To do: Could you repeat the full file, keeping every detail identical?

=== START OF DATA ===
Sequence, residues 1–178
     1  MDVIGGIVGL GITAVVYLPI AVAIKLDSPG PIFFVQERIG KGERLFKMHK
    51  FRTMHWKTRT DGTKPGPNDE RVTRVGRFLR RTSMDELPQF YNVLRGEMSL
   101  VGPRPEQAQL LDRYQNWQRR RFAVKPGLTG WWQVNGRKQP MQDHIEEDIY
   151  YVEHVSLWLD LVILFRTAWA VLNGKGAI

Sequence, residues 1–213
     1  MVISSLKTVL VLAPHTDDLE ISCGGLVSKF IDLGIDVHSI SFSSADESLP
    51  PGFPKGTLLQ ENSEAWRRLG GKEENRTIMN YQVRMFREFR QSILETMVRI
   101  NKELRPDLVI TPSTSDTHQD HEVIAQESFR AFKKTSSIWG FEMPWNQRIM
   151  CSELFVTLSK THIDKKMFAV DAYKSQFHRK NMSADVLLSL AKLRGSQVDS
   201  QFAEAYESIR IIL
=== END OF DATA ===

Sequence, residues 1–178
     1  MDVIGGIVGL GITAVVYLPI AVAIKLDSPG PIFFVQERIG KGERLFKMHK
    51  FRTMHWKTRT DGTKPGPNDE RVTRVGRFLR RTSMDELPQF YNVLRGEMSL
   101  VGPRPEQAQL LDRYQNWQRR RFAVKPGLTG WWQVNGRKQP MQDHIEEDIY
   151  YVEHVSLWLD LVILFRTAWA VLNGKGAI

Sequence, residues 1–213
     1  MVISSLKTVL VLAPHTDDLE ISCGGLVSKF IDLGIDVHSI SFSSADESLP
    51  PGFPKGTLLQ ENSEAWRRLG GKEENRTIMN YQVRMFREFR QSILETMVRI
   101  NKELRPDLVI TPSTSDTHQD HEVIAQESFR AFKKTSSIWG FEMPWNQRIM
   151  CSELFVTLSK THIDKKMFAV DAYKSQFHRK NMSADVLLSL AKLRGSQVDS
   201  QFAEAYESIR IIL